The odds are there to be…

December 6, 2020 - 16:6

Many international political activists remember July 14, 2015, when Iranian Foreign Minister Mohammad Javad Zarif and EU foreign policy chief Federica Mogherini officially announced that Iran and six other countries - Britain, China, France, Germany, Russia, and the United States - have reached a final nuclear agreement. That day, a joint statement was issued in Vienna in which the transcript started with a bold sentence: "Today, is an historic day".

"We have reached an agreement on the Iranian nuclear issue" the statement continued, calling the agreement something "the world was hoping for" which never could have happen without "courage, political will, mutual respect and leadership".

Today, more than five years after that proud statement was released and those happy faces lined up in front of their respective national flag, the only thing which has come true from those words is "leadership", or better said, America's leadership in destroying everything.

Calling this hoped-by-the-whole-world agreement "an awful deal", U.S. President Donald Trump pulled his country out of the agreement. The decision was rejected globally, but thanks to its power and control over almost all European parties to the accord, U.S. rendered the achievement useless. There was no "courage", no "political will", and no such thing as "mutual respect". These notions had all ceased to exist and there was only "leadership" -- a bullying, procrustean, irritating leadership by the U.S. imposing all inhumane measures one can think of.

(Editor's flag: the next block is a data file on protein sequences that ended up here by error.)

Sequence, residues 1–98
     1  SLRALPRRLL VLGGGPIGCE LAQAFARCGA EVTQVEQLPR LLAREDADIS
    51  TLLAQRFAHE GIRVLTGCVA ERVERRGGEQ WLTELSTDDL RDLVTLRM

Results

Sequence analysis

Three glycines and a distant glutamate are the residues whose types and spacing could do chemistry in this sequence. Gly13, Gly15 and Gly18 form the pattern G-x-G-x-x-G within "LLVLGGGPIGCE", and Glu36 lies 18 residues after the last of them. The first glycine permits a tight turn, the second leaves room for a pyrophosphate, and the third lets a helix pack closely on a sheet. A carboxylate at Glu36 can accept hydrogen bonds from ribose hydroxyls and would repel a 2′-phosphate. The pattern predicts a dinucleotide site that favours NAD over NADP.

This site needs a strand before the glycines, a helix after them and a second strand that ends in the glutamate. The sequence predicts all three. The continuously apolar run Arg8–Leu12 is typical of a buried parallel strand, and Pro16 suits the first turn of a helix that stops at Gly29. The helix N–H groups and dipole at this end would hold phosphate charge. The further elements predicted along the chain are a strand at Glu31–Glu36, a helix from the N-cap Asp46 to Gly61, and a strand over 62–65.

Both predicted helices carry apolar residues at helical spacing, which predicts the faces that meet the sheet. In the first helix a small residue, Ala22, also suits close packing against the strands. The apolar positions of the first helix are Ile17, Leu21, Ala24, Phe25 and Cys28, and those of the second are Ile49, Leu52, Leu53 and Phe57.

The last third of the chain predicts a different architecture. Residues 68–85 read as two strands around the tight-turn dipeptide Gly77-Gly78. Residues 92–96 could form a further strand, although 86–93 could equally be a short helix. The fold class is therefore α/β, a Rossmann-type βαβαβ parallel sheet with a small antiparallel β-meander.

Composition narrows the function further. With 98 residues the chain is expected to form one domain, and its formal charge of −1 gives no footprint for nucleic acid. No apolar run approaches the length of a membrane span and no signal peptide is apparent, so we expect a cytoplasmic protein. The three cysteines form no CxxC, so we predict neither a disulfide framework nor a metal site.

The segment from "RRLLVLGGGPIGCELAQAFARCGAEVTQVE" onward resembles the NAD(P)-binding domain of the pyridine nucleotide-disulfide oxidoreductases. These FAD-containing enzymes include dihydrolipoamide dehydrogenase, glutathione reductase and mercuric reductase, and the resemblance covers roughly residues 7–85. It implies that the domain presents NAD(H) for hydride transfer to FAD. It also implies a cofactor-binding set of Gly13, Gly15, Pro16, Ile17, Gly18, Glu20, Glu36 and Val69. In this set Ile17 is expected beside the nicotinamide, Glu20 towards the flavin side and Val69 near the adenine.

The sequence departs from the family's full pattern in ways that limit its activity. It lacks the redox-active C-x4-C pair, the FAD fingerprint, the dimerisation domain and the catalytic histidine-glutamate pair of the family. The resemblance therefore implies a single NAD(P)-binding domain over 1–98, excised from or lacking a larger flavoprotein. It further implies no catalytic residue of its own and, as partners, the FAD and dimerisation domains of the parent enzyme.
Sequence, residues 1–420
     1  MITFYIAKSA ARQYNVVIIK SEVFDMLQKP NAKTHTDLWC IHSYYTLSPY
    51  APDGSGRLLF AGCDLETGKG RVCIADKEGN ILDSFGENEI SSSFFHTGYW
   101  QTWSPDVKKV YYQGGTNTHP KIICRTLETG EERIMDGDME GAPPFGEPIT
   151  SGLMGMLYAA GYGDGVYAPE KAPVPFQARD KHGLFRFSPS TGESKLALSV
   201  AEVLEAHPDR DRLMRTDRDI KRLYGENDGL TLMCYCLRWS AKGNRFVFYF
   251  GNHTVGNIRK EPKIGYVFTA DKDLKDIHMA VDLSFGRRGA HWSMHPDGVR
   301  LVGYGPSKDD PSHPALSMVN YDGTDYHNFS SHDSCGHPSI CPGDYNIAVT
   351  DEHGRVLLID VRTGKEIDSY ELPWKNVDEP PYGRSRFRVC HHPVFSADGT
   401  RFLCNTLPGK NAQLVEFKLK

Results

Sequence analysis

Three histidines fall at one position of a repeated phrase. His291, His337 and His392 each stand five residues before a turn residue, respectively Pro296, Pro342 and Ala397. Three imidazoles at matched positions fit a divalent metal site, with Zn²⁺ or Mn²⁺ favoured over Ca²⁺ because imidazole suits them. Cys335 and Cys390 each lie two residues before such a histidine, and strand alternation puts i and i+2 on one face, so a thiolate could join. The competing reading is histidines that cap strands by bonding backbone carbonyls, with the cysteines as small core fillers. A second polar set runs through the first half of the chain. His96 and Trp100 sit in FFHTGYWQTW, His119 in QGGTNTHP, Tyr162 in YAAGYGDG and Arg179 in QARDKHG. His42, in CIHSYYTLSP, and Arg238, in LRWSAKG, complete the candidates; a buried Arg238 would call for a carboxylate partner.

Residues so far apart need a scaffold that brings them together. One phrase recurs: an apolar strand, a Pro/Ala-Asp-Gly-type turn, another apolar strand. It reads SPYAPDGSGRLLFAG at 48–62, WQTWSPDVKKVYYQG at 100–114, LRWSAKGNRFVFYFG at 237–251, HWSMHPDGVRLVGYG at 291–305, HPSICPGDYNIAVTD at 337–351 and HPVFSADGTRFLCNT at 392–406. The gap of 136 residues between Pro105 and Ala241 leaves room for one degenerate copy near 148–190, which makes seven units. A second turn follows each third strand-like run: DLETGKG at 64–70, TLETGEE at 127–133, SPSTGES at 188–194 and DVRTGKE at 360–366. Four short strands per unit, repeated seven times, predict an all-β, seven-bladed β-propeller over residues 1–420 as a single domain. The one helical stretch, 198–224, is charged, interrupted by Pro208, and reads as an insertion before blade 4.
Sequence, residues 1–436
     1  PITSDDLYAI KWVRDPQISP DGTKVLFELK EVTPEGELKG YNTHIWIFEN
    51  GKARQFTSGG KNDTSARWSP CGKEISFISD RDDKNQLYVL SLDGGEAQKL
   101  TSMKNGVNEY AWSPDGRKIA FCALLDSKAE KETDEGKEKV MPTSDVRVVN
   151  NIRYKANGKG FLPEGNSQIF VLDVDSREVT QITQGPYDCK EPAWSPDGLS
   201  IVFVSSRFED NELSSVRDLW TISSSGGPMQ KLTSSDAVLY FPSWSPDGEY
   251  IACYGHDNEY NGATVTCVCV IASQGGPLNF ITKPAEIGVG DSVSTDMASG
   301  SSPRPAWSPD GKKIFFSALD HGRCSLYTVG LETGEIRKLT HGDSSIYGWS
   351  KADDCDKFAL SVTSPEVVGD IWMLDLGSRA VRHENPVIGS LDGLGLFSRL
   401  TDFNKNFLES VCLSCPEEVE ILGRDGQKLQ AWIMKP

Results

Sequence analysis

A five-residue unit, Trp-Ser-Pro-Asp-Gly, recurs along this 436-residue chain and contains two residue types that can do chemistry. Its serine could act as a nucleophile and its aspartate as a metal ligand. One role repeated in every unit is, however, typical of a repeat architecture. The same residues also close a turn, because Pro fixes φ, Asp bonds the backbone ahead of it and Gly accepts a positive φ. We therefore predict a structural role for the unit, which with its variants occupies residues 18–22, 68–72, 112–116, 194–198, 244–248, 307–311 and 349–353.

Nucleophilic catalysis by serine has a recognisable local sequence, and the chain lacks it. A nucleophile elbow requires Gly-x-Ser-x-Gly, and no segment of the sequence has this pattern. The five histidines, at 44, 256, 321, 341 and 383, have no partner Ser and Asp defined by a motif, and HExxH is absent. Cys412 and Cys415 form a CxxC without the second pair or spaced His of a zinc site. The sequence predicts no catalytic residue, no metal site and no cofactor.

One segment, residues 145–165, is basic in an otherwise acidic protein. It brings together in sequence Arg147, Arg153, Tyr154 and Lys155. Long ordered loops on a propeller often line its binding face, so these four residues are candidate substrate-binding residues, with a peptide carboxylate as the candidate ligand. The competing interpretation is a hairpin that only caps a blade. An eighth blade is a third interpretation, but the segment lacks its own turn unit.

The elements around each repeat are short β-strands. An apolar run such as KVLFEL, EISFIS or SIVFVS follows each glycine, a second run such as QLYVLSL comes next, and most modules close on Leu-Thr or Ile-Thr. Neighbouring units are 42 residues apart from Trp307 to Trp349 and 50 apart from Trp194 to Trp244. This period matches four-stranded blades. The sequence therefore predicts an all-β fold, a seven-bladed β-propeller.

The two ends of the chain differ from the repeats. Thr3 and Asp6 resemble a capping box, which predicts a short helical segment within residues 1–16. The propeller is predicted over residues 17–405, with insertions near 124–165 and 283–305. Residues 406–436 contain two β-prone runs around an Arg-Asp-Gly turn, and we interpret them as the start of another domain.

The very first paragraph of the preface of the nuclear deal or JCPOA (Joint Comprehensive Plan of Action) reads: "The E3/EU+3 (China, France, Germany, the Russian Federation, the United Kingdom and the United States, with the High Representative of the European Union for Foreign Affairs and Security Policy) and the Islamic Republic of Iran […] anticipate that full implementation of this JCPOA will positively contribute to regional and international peace and security." In fact, the very first words all parties came to agree upon were about regional and international peace. Now look at what's going on here.

You must be a West Asian to understand how it feels to live in this region. Wherever you look, you'll see chaos in varying degrees. From Palestine to Iraq, Syria, Yemen, Azerbaijan, Armenia, the eastern part of Kashmir, parts of Africa and elsewhere. And Iran is left alone in the middle of this chaos. Despite the unsettled dust in the region and long-lasting smell of gunpowder in the air, regarding the highest standards of "maintaining national security", Iran is at the edge of what's technically possible. There might be some security breaches time to time, but considering the scenario some countries inside and outside the region are dreaming of, Iran's performance is outstanding.

The idea is simple. In these years of escalating soft war in West Asia, even a failed plan to topple the government in Syria still can have its chances elsewhere. So why not try it on Iran? Here is where "regime change" blooms within that dust. But that plan has gone sideways ever since. Helping Syria to sustain its legitimate government was a game changing strategy successfully managed by Iran despite all the odds. This strategy kept the civil war far away from Iranian borders. So, despite all the hell that had broken loose in the region and the U.S. had unleashed its regional dogs to embark and operate the symphony of blood and religion, Iran and its allies were strong enough to get the best out of their security mechanisms and power levers.

This is astonishing, and yet horrifying. Astonishing because Iran has managed to survive the full-scale economic war and its ability to make it through the last days of American supremacy. Diplomatically, Tehran has pushed the ability of this country to its limits. The U.S. is taking the mask off once again and most probably for the las time. Once in the past, the U.S. knew from where to attack and from where to predict the counter-attack. This is not the case anymore. The U.S. might know from where to attack, but it has no idea where the counter-attack would originate. In fact, the U.S. is the horrified side of this equation, not the other side because the odds are there to be…
 

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